Rolls-Royce nears return to profit after ‘torrid’ recent years as departing CEO points to ‘significant progress’ since its Covid lockdown hammering
- Warren East said the firm should achieve a profit and positive cash flow this year
- Rolls Royce’s civil aerospace division is heavily reliant on planes regularly flying
- Airline Qantas recently bought 12 Airbus planes fitted with Rolls-Royce engines
Rolls-Royce has maintained its full-year financial outlook as a healthy rise in air passenger travel bolstered its pandemic recovery.
Ahead of an annual general meeting on Thursday, the engineering giant’s outgoing chief executive Warren East said the group should achieve a positive profit and cash flow this year thanks to strong performances by multiple divisions.
Within its civil aerospace division, which is heavily reliant on how often aeroplanes with Rolls-Royce engines fly, the company benefited from looser international travel restrictions in markets like Europe and the Americas.
Departing: Ahead of an annual general meeting today, Rolls Royce’s chief executive Warren East (pictured) said the group should achieve a profit and positive cash flow this year
It also noted flying hours ‘remained strong’ in business aviation, although the level of air travel was low in China, where much of the country is currently subject to stringent Covid-related restrictions.
Yet large engine long term service agreement (LTSA) flying hours still increased 42 per cent from the same period last year when much of the airline industry was virtually grounded.
Rolls-Royce said the improvement in trade remained somewhat uncertain given the current economic environment.
However, Warren East believes the firm has ‘made significant progress on the path to recovery from the impact of Covid-19.’
He added that the business was ’emerging as a better balanced and more resilient business with a sustainable future, focused on the long-term business opportunities presented by the global energy transition’.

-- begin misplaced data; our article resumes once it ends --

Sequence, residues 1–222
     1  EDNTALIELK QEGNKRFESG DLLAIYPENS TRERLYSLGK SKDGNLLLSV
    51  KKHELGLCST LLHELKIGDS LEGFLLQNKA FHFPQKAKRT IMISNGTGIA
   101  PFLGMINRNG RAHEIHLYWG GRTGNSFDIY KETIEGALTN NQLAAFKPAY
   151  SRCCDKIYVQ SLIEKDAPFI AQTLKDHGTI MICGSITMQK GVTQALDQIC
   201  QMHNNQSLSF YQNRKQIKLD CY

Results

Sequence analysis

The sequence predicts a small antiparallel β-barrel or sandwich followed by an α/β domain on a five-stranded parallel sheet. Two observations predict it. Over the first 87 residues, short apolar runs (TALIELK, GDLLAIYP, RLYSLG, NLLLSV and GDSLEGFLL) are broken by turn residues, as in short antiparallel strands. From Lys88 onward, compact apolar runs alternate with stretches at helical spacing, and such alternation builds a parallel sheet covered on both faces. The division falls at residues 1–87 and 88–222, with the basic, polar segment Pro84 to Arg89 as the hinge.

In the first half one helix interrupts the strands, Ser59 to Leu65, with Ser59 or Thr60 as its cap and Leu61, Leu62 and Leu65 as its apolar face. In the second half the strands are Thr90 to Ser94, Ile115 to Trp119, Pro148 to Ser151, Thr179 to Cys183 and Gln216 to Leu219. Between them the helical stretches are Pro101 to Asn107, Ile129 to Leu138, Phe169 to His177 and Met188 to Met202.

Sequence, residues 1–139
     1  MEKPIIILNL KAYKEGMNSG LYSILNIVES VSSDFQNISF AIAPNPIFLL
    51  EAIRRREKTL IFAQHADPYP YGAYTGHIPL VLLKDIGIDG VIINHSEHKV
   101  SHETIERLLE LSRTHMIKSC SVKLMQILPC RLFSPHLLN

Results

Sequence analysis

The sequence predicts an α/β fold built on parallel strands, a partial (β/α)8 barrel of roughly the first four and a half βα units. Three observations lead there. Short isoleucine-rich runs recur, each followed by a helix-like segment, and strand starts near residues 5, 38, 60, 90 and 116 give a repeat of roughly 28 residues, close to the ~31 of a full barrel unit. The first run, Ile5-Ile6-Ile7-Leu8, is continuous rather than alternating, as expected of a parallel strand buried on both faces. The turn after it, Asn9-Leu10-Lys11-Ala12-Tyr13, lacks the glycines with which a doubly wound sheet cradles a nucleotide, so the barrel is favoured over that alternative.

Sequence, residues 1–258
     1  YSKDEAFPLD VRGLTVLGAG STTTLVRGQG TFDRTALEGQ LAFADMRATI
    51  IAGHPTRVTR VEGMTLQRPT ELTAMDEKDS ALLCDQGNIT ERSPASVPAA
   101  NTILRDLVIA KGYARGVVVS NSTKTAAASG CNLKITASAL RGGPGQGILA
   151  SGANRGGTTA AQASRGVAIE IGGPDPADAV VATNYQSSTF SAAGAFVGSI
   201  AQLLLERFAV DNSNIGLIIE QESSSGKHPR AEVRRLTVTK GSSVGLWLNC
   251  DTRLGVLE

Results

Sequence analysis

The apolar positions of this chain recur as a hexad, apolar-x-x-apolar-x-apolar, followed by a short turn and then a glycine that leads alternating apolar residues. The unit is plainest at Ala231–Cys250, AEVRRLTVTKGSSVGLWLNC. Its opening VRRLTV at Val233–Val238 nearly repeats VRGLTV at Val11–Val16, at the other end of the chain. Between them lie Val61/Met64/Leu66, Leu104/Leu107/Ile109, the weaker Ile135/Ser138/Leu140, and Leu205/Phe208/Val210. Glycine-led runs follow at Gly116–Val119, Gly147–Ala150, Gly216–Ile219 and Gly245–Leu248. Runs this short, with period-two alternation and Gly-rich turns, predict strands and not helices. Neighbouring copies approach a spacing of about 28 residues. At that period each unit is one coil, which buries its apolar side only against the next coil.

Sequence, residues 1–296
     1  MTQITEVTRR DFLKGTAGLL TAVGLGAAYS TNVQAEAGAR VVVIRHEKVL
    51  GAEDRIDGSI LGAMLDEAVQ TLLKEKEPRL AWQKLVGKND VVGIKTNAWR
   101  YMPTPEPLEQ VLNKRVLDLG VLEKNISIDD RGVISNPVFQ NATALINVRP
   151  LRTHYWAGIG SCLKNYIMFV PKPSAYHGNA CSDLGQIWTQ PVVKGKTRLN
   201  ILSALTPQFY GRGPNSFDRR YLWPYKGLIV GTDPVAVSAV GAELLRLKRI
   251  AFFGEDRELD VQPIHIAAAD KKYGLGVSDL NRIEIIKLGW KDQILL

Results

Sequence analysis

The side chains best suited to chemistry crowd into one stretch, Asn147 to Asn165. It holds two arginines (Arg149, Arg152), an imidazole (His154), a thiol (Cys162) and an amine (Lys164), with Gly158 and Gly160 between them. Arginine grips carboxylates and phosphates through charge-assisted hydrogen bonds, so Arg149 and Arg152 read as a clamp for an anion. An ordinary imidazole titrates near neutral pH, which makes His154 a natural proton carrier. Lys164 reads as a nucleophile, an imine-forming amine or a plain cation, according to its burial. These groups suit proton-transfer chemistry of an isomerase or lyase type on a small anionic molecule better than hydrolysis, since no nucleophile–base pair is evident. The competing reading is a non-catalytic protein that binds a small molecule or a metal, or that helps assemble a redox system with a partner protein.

Its medium-term forecast for civil aerospace shows trading cashflow ‘comfortably’ surpassing operating profit while operating margin is set to expand in the high single-digit percentage terms.
By comparison, the operating margin within its defence division is anticipated to be lower this year, due in part to the increased investment going towards supporting the gaining of recent contracts.
New order: Qantas recently agreed to purchase 12 Airbus A350-1000s, which are powered by Rolls-Royce’s Trent XWB-97 engine and will be able to fly non-stop from London to Sydney
Rolls’ long-term growth outlook nonetheless remains strong, given the recent announcements by governments across the world to hike military expenditure in response to Russia’s full-scale invasion of Ukraine.
Just two days ago, the Ministry of Defence announced contracts worth more than £2billion with BAE Systems and Rolls-Royce to power the Royal Navy’s new Dreadnought nuclear submarines.
This comes on top of Rolls-Royce winning a £105million deal in March to support the Royal Air Force’s Hawk jet trainer aircraft and a $2.6billion contract to provide replacement engines for the US Air Force’s B-52 bombers.
Outside the defence sector, the group recently received a major boost from Australian flag carrier Qantas agreeing to purchase 12 Airbus A350-1000s, which are powered by Rolls-Royce’s Trent XWB-97 engine and will be able to fly non-stop from London to Sydney.
After falling in early trading, Rolls-Royce Holdings shares rebounded to close 1.1 per cent up at 81.4p, although its share price has declined considerably in value since the Covid-19 pandemic began.
Victoria Scholar, Head of Investment at Interactive Investor, said: ‘The stock has had a torrid time lately, slumping in April after JPMorgan cut it from neutral to sell, accelerating recent losses with shares down by nearly 50 per cent since the peak in September last year.
‘This is a company that was hit hard during the pandemic but now Rolls-Royce faces fresh challenges from its leadership uncertainty after CEO Warren East announced plans to leave combined with the slow recovery of civil aerospace flying hours which are both weighing on the business.’